One way to ensure that African countries are more self-reliant and competitive is for industrialised nations to transfer technology – with a priority on green technologies – to those nations that are technologically less advanced. Industrialised countries should accept the moral duty to assist Africa and other poor regions to find alternative and renewable sources of energy – such as biomass, wind, hydropower, and solar – and enable the global south to participate in the carbon market so Africa can develop industries based on renewable energy sources. But African countries themselves should also invest in science and technology. Global investors have ploughed billions into new wind, solar, and other alternative energy initiatives. But those funds were almost wholly concentrated in the industrialised countries, along with some in China, India, and Brazil. Almost none of this investment is coming to Africa, despite the continent’s vast energy poverty and abundant sun and wind. Africa’s challenge lies in making herself a relevant beneficiary of these resources.

This is an edited extract from Wangari Maathai’s essay in Other Worlds are Possible, the sixth report from the Working Group on Climate Change and Development.

Bookmark and ShareProfessor Herman E. Daly is Ecological Economist at the School of Public Policy, University of Maryland and Author of Steady-State Economics

Climate change, important as it is, is nevertheless a symptom of a deeper malady, namely our fixation on unlimited growth of the economy as the solution to nearly all problems. Apply an anodyne to climate and, if growth continues, something else will soon burst through limits of past adaptation and finitude, thereby becoming the new crisis on which to focus our worries.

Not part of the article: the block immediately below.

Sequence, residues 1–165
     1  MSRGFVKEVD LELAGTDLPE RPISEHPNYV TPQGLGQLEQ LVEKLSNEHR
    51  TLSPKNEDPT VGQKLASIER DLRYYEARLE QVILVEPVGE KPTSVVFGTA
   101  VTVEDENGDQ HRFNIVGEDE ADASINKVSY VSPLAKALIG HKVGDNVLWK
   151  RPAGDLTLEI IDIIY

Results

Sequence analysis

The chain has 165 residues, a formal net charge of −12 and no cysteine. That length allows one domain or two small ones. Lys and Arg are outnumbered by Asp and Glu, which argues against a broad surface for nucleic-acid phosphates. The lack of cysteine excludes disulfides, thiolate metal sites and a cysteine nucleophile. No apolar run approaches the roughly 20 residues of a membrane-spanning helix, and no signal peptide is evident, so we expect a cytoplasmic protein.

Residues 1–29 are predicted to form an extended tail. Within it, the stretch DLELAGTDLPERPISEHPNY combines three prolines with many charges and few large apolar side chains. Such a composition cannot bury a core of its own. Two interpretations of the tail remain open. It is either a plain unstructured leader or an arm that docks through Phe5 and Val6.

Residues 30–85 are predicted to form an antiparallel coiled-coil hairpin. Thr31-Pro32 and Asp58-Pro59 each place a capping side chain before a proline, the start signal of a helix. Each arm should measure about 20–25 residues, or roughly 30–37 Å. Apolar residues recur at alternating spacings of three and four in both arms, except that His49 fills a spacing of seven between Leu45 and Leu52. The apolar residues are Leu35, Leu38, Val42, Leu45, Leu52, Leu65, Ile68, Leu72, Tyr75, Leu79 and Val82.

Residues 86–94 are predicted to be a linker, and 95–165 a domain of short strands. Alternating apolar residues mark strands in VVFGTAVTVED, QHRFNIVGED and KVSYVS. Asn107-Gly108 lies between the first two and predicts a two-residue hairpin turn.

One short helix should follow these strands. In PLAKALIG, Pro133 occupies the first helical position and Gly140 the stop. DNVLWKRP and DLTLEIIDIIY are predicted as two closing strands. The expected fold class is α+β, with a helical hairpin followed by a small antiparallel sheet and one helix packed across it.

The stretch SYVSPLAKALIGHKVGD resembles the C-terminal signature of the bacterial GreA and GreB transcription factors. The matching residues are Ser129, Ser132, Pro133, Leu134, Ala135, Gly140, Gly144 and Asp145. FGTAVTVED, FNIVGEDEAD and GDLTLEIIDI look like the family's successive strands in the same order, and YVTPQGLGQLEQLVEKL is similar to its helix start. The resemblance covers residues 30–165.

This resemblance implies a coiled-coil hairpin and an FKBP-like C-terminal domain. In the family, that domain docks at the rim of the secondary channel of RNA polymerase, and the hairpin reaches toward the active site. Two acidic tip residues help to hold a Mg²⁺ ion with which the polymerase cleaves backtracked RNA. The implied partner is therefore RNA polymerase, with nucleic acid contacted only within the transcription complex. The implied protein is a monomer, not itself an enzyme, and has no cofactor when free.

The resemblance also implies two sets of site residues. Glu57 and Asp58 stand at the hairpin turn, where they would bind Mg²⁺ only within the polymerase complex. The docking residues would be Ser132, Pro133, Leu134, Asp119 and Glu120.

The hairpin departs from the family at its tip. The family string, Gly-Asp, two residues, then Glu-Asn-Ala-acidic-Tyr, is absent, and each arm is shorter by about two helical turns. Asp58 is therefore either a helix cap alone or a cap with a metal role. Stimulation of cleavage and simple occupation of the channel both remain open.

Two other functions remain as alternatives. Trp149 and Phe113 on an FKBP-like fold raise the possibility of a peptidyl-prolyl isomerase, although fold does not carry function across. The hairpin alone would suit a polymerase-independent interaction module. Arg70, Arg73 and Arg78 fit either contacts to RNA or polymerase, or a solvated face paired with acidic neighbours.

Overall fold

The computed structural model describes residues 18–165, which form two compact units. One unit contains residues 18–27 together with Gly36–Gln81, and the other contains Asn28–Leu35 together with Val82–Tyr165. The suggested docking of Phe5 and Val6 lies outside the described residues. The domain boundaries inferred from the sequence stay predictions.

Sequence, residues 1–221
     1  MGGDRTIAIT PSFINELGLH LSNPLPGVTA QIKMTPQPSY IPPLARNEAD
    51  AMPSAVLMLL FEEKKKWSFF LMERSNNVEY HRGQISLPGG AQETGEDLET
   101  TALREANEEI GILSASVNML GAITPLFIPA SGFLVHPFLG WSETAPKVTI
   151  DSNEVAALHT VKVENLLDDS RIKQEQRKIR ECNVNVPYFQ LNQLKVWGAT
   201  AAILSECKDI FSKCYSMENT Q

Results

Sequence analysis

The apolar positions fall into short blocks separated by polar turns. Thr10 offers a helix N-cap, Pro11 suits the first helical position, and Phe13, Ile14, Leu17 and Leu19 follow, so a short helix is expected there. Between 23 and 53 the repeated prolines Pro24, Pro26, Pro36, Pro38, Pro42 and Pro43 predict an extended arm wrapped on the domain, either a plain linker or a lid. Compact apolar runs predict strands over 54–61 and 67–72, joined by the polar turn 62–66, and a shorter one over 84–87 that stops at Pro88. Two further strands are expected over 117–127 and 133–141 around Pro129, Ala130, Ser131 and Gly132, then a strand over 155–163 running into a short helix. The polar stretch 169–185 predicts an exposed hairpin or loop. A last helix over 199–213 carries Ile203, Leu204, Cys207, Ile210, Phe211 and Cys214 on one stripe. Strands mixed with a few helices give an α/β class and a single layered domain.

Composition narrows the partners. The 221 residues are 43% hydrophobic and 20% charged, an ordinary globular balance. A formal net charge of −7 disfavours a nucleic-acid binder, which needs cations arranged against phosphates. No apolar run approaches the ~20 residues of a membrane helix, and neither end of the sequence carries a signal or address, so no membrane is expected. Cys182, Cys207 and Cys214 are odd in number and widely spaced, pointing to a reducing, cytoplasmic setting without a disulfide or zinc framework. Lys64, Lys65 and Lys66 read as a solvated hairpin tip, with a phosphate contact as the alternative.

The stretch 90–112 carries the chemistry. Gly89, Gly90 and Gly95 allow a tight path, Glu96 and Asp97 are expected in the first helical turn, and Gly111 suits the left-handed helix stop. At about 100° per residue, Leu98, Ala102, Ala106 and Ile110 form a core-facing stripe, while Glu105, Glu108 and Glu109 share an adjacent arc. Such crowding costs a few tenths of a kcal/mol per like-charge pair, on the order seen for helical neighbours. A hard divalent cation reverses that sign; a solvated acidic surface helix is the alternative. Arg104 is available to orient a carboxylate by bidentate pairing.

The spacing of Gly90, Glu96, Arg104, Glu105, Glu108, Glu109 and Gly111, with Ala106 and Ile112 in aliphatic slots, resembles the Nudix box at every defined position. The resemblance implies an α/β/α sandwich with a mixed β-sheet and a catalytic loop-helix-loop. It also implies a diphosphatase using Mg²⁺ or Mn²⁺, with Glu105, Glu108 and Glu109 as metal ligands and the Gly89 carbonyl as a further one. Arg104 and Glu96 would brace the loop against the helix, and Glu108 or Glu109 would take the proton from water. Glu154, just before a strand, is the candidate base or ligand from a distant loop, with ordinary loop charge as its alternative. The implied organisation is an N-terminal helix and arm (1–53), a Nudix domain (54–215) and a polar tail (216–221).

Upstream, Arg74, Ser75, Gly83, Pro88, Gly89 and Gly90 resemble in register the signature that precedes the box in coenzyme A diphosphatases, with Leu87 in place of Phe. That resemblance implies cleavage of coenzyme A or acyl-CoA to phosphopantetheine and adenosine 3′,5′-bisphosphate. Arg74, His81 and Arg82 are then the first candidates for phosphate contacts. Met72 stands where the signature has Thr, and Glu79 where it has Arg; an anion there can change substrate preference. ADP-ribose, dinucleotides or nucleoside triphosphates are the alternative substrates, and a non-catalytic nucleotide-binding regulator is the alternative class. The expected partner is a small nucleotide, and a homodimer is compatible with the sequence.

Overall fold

The fact that the contributors to Other Worlds are Possible realise this makes this report a serious study. The fact that they seek qualitative development that is not dependent on quantitative growth makes it a hopeful study. It is a valuable collection of the specific and the general, of the grass roots details and the macroeconomic big picture regarding climate change and economic development.

The reader is told up front that, ‘This report represents the work and views of a range of individuals and civil society groups. It is a contribution to debate on what other worlds are possible. Not all the views and policies discussed are necessarily held by all the groups and individuals’. Although I did not find any contradictions among the various contributions, they differ greatly in approach and perspective—mainly between top-down and bottom-up modes of thought. Some people like to start with a big picture. They are impatient with concrete details until they can fit them into or deduce them from a framework of meaning consistent with first principles. Others are impatient with a big picture unless they first have a lot of concrete details and examples that inductively suggest a larger pattern. I confess that I belong to the first type, but that is more of a bias than a virtue. Both approaches are necessary, and are present in this collection, but the bottom-up predominates, at least in number of pages.

My advice to the top-down types is to first read Manfred Max-Neef’s fine big-picture essay. Then fit in the inspiring examples of Kenya’s Green Belt Movement, Thailand’s self sufficiency, Bhutan’s Gross National Happiness, the Happy Earthworm Project, the Happy Planet Index, etc. More inductive types should save Max-Neef for last. I do not mean to characterize Max-Neef as a top-down thinker since he has spent much of his life doing grass roots, ‘barefoot’ economics. But in this volume’s division of labour his is the big-picture essay.

To have packed so much information, inspiration, and analysis into less than 100 pages of clear prose leaves the reader grateful to the authors, the Working Group on Climate Change and Development, and nef.

This is the foreward to Other Worlds are Possible, a new report on climate change and development published today, which features contributions from a range of developing world economists and activists, including R.K. Pachauri, Wangari Maathai and Manfred Max-Neef.


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nef employees blog in their personal capacity. The opinions expressed here do not necessarily reflect those of the new economics foundation.